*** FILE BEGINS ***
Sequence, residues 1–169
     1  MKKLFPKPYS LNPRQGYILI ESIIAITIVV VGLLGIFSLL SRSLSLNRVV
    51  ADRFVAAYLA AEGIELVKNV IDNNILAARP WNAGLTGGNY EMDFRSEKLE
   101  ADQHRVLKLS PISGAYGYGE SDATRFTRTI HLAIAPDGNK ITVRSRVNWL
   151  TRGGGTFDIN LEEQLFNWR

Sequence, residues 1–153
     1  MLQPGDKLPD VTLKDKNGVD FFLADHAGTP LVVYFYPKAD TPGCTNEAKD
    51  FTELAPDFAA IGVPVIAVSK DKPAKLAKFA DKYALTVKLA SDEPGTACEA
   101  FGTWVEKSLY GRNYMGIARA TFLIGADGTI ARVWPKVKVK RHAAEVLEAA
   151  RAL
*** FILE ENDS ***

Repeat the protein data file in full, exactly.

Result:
Sequence, residues 1–169
     1  MKKLFPKPYS LNPRQGYILI ESIIAITIVV VGLLGIFSLL SRSLSLNRVV
    51  ADRFVAAYLA AEGIELVKNV IDNNILAARP WNAGLTGGNY EMDFRSEKLE
   101  ADQHRVLKLS PISGAYGYGE SDATRFTRTI HLAIAPDGNK ITVRSRVNWL
   151  TRGGGTFDIN LEEQLFNWR

Sequence, residues 1–153
     1  MLQPGDKLPD VTLKDKNGVD FFLADHAGTP LVVYFYPKAD TPGCTNEAKD
    51  FTELAPDFAA IGVPVIAVSK DKPAKLAKFA DKYALTVKLA SDEPGTACEA
   101  FGTWVEKSLY GRNYMGIARA TFLIGADGTI ARVWPKVKVK RHAAEVLEAA
   151  RAL